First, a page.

Friday Philosophy: Straight Talk

I would be a fool not have doubts about posting some of the things I write.  I would be more of a fool if I let that stop me from posting them.

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I’m a lesbian.  I’m not a gay man.  I’m not a man of any sort, though I am aware that there are many people who disagree with me on that.

Because I am a lesbian, I have the social liberty to speak out.  It’s really hard to find a straight transwoman who will speak up.  Did you ever wonder why?

Disclaimer:  I am not a straight transwoman.  I’m not a straight woman of any form.  It is with sheer audacity that I choose to speak to this subject.  I apologize ahead of time for applying my understanding of what human sexuality is and can be.  We all have our biases and our own ways of thinking.

I’ve met one man in my post-transition life to whom I have been attracted.  Janis Ian’s bass player and I had an interesting conversation while I was waiting for her to perform at Juanita’s in Little Rock in the early 90s.  My therapist’s house/office was just around the block.  I liked the guy a lot.  I have no illusions that his view of me coincided with the image I would have liked him to see.  I am old.  I am not cute.  I was less old but probably also less cute back then.  At best I can hope that I was of indeterminate gender at that point in time.

Being of indeterminate gender is not sufficient for a straight transwoman.  It’s dangerous.  It can be downright deadly.

Now I used to be what is generally called a straight guy.  I know I’m not a gay guy because I once slept with a gay guy, a chicken hawk who preyed on teenage runaways, in order to avoid freezing to death one night in Seattle in 1967.  I did not enjoy the experience.  I’ve also had sex with another pre-operative transwoman.  I didn’t particularly enjoy that either.  But I can’t understand any need to assault either one of them.

A straight transwoman has a huge problem if she doesn’t long to be lonely.  Transwomen of any orientation mostly have women friends.  Some women accept us into their ranks.  Some don’t, but at least we can have a dialog about it.  I spent a lot of effort on that in the latter part of the 90s in order to open quite a few doors for us in lesbian communities.  That some of that effort made it into the written media both embarrasses me and makes me proud of myself.  That’s a strange mixture.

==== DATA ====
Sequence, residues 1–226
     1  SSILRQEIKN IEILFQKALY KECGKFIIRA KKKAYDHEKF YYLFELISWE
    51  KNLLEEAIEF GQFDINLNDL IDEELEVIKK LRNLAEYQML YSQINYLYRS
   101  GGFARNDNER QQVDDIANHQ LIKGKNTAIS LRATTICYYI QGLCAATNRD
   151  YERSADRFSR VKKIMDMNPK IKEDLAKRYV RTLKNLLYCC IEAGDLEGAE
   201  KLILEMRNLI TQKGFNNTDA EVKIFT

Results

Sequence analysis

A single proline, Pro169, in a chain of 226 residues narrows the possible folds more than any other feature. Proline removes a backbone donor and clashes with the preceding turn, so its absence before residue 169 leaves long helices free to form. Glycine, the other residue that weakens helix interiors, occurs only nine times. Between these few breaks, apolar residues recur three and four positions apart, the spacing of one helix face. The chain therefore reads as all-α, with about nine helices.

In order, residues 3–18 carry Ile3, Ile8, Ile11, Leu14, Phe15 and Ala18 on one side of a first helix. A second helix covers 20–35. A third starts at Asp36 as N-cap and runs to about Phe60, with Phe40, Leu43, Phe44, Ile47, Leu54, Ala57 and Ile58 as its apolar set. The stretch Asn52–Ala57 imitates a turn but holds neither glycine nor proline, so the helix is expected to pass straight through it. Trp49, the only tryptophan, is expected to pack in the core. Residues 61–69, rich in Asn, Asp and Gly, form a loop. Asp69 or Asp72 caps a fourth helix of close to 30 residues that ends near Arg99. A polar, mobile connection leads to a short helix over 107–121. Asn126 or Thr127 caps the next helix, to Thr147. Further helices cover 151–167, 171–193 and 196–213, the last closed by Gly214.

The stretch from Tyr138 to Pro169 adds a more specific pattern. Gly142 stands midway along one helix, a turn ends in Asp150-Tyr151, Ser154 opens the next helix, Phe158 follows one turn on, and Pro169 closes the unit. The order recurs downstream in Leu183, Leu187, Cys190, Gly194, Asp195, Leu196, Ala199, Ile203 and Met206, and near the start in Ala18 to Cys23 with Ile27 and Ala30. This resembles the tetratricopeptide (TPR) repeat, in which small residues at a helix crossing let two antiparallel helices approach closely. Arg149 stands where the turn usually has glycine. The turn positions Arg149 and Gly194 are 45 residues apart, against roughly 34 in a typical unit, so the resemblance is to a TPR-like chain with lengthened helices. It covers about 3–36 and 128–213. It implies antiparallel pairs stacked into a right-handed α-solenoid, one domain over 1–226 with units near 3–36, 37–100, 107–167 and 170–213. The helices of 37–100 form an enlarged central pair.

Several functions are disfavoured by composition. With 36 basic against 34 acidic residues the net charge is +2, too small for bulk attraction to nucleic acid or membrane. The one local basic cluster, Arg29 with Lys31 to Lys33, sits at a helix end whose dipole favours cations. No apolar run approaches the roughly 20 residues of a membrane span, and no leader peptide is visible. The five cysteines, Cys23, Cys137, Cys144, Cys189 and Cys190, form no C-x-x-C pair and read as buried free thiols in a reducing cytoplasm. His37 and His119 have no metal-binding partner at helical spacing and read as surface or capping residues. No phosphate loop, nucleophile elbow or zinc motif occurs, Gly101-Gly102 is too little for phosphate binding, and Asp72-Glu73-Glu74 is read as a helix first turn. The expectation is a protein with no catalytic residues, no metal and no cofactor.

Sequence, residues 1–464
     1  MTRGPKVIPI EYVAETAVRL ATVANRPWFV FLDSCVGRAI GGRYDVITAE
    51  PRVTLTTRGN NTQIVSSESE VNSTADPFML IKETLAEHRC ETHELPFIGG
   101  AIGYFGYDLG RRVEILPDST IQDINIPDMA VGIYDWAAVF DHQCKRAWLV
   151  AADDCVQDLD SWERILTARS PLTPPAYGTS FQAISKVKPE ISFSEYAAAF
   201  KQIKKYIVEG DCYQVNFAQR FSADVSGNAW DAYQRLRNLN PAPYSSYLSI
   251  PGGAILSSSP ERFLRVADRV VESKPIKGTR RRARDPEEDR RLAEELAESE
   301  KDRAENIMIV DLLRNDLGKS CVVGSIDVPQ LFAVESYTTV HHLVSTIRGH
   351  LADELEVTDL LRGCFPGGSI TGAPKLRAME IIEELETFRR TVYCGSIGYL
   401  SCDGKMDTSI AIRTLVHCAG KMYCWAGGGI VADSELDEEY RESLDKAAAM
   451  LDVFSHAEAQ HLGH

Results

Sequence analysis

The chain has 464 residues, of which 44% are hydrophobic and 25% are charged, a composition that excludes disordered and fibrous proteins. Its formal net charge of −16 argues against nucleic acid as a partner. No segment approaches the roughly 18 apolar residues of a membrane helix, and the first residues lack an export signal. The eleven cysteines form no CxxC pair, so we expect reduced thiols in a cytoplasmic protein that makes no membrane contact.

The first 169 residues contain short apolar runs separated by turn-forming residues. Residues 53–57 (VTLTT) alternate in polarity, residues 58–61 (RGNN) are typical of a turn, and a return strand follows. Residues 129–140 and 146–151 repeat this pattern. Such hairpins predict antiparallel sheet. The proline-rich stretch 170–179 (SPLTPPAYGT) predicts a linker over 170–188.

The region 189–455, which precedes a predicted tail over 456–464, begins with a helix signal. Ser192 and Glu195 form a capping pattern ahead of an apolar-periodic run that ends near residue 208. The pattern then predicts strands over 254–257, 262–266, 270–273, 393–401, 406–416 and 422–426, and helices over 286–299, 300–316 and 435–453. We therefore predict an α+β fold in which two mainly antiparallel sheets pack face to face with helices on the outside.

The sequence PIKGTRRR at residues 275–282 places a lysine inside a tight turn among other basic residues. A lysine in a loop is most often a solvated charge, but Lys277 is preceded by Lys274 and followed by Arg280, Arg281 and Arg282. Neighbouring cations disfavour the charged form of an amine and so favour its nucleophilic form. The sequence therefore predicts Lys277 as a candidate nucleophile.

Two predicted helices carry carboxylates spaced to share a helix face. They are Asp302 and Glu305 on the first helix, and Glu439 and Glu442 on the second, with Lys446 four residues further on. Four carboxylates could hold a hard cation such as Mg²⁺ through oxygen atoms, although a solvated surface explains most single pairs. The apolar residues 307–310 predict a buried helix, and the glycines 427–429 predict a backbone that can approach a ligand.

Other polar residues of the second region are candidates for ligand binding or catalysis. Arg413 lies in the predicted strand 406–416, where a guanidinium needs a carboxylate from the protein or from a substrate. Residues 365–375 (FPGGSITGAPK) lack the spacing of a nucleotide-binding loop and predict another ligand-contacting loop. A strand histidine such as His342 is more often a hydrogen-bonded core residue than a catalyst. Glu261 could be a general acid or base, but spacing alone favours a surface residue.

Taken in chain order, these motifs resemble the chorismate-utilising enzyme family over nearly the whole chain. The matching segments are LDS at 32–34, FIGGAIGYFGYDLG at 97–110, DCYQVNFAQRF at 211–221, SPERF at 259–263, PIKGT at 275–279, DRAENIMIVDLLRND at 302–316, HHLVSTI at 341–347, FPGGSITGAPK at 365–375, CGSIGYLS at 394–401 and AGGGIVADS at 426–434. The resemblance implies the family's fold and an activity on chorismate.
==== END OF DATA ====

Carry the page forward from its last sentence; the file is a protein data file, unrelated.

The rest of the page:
It’s a fact that most of the regular visitors to my diaries both here and back when I was posting at Daily Kos were women.  Seldom could/can I even attract gay men to participate in the discussions I try to generate.  Fact.  Not blame.  Sometimes a whine.

But it is the way things are.  Arbitrary numbers from an anal source:  95% of men feel uncomfortable around a known transsexual woman, and most of them are thinking to themselves, “That’s a man.”  If we are lucky, only two-thirds of women feel that way.

Would it seem unusual for a straight woman to want to have men friends?  Does your answer change if you change “woman” to “transwoman?”  Why?

We transition to do good for ourselves, not to harm anyone else.  We do that for lots of really complicated reasons, but perhaps the most important one is that we feel like women.  We believe that we think like women think because we believe we are women.  No delusion.

We don’t want to “trick” anyone.  We want to be accepted as women, not “fool you” into thinking we’re women.  And jesus is that hard for a straight transwoman who wants to be attractive…or is attractive, even beautiful.

I wonder what goes on in the minds of men who see one of us who is beautiful.  What is the switch that fires if you know…or find out…that a beautiful woman is a transwoman?

What would cause you to jump back?  What might cause your fist to ball?  What might cause a physical attack?  Or maybe just what would turn your stomach?

Some transpeople call that the moment of truth.  Some non-transfolk call that a fight-or-flight response.

Do you fear you are gay if you find yourself attracted to one of us?  Or have sex with one of us?  Is there a point in between those two at which you think you would become gay?

And in the name of love, is there anything wrong with that if you did?

If I were a straight transwoman, I would probably have friends who are gay men…it’s hard to leave the community in which one received some semblance of support totally behind…but I wouldn’t want a relationship with one.  Nor would he be interested in a relationship with me, most likely.  I’m not gay and he’s not straight.

What do you fear?  Who do you fear?  Us?  Or other men?

Can you clue us in?



Fear is strong

Does hatred

make anyone


We come in

all degrees

of beauty

all depths

of substance

all capabilities

of love

Should cultural


so consistently

deny us love?

The riddles

need solving

so that lives

may be lived

and love

may be found

–Robyn Elaine Serven

–June 13, 2008

This is not a blame game.  At least it is not intended to be one.  I am not crazy or stupid and I will assume the same about you.  I fully expect that nothing said here will bring any apparent change your view of gender, sex, or sexual orientation.  I certainly don’t expect men to rush out and date a transwoman just to prove they are not biased against transwomen.

All I desire is open and honest communication.

And maybe the perception of humanity will be different by the time your children or grandchildren are close to the place in life where we find ourselves now.